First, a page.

Similarly, in Turkey, there are specific regulations for the operation of drones. The regulatory framework is overseen by Sivil Havacılık Genel Müdürlüğü (SHGM) (Directorate General of Civil Aviation) and drones are categorised based on weight and purpose of use (recreational versus commercial drone operations).

Amongst other things, in Turkey, private or personal drones cannot weigh not more than 8.8 pounds (4 kilograms) and any drones between 500 grams to 4 kilograms are required to be registered with SHGM and have a registration number allocated before flying. For any drones weighing between 500 grams to 4 kilograms, a pilot certificate will also be required. Any commercial drone operators will also need to obtain a Remote Pilot Certificate issued by SHGM. In terms of altitude, drones are generally required to fly below 120 metres (400 feet) above the ground level and within visual line of sight (VLOS) of the operator.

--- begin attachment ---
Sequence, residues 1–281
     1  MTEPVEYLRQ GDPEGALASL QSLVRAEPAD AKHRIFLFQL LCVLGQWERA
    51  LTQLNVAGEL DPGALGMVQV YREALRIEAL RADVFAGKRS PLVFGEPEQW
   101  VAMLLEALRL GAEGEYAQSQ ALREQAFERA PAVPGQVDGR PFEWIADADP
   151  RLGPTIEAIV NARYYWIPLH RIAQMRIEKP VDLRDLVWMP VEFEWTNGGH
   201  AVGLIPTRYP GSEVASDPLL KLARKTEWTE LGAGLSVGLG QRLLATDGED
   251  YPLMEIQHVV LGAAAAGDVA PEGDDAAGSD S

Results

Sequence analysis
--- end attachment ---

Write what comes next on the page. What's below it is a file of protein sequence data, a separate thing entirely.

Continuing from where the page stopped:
It will interesting to see how different jurisdictions deal with the future regulation of drone flights BVLOS in the coming years.

If you have any queries or would like to discuss how the drone regulations may impact your company, please contact one of our experts.